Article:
Not a good sign from Open Trustees despite their name. There’s no transparency or detail and again the lives of the British Steel workers have been out in turmoil.

  2. Robert says:

    Would it be possible for the Pension Insurance Corporation to use “shoddy commutation factors and early retirement coefficients” which do not match or better those of the PPF?

    I ask this after reading the following information on the Barnett Waddingham website:

    October 22, 2020

    The OBSPS is expected to exit its Pension Protection Fund (“PPF”) assessment period and secure a full buyout next year, having agreed a £2 billion pension insurance buy-in with insurer, Pension Insurance Corporation plc (“PIC”).

    The deal completed on 8 October 2020. The buy-in secures the liabilities of over 30,000 members at or above PPF levels of compensation.

    The OBSPS entered a PPF assessment period on 29 March 2018, as a result of the restructuring of the UK operations of Tata Steel UK Limited agreed with the Pensions Regulator and the PPF.

    During the Scheme’s PPF assessment period, it became apparent that it might be possible to buy-out members’ benefits at or above PPF levels of compensation.

    A significant amount of work has been undertaken investigating this possibility by the trustee of the OBSPS and its advisers. The buy-in should ultimately result in a better outcome for members than they might otherwise have been expecting.

    Members were first informed about the possibility of a buy-out in April 2020. Members are being directly notified about this significant step taken with PIC and what it will mean for them.

    Whilst all members’ benefits have now been secured at or above their current PPF levels of compensation with PIC, the exact outcome for each member will not be known until the buy-out occurs. This is expected to happen towards the end of 2021, as further work is still required before the OBSPS can be fully transferred to PIC. During this period, the Scheme will remain within its PPF assessment period and continue to be protected by the PPF.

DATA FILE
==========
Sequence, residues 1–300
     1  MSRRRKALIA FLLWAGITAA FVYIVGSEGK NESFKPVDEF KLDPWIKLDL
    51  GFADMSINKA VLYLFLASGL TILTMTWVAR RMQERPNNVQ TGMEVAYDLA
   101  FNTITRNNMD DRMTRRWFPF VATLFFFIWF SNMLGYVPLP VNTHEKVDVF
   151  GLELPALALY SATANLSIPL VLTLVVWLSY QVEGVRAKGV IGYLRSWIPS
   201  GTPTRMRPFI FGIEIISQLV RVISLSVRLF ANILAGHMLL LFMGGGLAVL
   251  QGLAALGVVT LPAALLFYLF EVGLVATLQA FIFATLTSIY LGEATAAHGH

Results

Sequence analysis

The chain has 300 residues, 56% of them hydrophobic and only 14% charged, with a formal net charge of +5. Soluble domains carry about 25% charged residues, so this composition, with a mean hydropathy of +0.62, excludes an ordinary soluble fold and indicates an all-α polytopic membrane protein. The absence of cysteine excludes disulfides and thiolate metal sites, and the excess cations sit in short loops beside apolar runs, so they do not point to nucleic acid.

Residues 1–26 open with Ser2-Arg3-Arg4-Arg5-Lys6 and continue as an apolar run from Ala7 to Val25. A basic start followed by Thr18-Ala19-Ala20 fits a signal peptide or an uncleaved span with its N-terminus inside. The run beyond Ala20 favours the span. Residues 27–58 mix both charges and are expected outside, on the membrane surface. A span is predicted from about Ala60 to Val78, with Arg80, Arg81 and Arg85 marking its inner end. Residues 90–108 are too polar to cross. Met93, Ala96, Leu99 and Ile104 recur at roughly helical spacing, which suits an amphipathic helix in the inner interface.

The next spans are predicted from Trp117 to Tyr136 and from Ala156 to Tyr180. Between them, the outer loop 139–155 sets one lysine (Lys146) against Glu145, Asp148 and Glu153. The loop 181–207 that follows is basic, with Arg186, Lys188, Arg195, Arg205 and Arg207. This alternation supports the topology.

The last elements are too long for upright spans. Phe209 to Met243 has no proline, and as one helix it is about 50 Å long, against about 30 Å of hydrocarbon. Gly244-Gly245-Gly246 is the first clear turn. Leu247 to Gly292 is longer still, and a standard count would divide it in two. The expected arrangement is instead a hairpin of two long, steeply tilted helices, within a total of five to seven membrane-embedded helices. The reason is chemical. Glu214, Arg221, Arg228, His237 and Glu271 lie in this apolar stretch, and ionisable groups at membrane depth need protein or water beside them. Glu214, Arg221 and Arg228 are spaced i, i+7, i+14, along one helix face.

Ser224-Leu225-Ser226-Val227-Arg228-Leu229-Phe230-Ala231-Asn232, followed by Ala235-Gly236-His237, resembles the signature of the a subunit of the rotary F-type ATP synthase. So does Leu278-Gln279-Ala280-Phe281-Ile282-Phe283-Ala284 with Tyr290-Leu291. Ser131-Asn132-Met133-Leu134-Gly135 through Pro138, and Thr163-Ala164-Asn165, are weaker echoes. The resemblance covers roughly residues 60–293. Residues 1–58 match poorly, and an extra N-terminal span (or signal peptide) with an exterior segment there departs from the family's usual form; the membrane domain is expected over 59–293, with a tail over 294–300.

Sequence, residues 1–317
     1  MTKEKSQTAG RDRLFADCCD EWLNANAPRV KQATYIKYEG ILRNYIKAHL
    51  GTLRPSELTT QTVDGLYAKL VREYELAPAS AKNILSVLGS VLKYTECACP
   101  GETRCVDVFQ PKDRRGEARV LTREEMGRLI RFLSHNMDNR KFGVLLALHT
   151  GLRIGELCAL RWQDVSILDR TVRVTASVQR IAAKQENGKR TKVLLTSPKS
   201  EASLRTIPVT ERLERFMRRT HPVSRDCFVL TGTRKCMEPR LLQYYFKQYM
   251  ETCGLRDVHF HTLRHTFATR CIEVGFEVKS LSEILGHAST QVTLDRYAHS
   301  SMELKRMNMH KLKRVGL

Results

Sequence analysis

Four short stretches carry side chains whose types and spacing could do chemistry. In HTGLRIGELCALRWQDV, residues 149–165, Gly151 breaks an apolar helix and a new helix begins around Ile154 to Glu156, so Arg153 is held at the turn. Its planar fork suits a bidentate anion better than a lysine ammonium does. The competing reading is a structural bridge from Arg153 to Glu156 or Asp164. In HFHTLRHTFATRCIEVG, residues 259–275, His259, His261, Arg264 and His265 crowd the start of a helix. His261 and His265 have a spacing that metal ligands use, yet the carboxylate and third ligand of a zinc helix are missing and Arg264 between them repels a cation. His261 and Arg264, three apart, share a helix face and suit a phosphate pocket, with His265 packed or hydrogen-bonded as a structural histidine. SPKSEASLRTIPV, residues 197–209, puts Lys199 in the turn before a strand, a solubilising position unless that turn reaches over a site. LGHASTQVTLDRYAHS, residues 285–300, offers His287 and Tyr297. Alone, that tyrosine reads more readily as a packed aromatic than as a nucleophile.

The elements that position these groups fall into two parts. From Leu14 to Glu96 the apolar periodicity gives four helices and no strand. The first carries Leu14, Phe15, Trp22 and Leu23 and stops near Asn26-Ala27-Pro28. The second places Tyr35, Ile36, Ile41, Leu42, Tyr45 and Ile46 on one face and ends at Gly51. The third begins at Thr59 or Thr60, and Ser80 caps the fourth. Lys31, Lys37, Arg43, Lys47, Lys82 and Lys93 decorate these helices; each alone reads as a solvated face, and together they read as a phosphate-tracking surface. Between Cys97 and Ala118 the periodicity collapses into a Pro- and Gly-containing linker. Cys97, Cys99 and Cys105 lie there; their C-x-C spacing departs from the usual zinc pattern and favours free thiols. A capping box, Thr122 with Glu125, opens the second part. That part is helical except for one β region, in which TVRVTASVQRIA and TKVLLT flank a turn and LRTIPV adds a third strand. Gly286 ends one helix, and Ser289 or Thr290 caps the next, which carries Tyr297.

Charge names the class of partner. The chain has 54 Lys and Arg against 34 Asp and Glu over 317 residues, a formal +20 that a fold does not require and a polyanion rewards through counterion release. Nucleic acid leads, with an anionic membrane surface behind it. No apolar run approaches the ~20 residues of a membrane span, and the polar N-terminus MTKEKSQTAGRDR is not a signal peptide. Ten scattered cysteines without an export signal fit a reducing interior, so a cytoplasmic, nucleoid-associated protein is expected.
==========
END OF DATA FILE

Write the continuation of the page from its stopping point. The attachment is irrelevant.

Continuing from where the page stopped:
Open Trustees Limited has been the trustee of the OBSPS since 29 March 2018. It is an independent entity but is wholly owned by international law firm, Osborne Clarke LLP. The transaction was led by Barnett Waddingham.

    Jonathan Hazlett, Managing Director of Open Trustees said: “When we were first appointed as trustee of the OBSPS, we anticipated that the PPF would assume responsibility for OBSPS. However, better than expected funding levels coupled with the adoption of scheme-specific mortality assumptions have meant that a wind-up outside of the PPF became possible.”

    “We are delighted to have entered into this buy-in policy with PIC. This transaction will eventually see OBSPS members receive benefits either at the same PPF level as those currently provided or, for many members, an uplift above that amount. It has been difficult for the OBSPS members over the last few years. Whilst the PPF provides a valuable safety net and a significant level of protection, many members will now receive higher benefits than they might otherwise have expected had the Scheme entered the PPF. OBSPS members can take comfort that their benefits will be looked after by an insurer, which is authorised by the Prudential Regulation Authority and regulated by the Financial Conduct Authority, as well as being committed to the highest levels of customer service.”

    Rosie Fantom, Partner at Barnett Waddingham, said: “Barnett Waddingham has worked closely with Open Trustees to secure the best possible outcome for the OBSPS members. Identifying the OBSPS as a potential candidate for wind-up outside the PPF was the first step, followed by putting in place a strategy to manage the asset risk whilst the scheme prepared for the transaction.

    “This is a significant step in what has been a long journey for OBSPS members, who now have the certainty that their benefits have been secured with an insurer on very favourable pricing terms in a turbulent market. Rigorous work carried out over the last two years allowed the scheme to take full advantage of bulk annuity pricing.”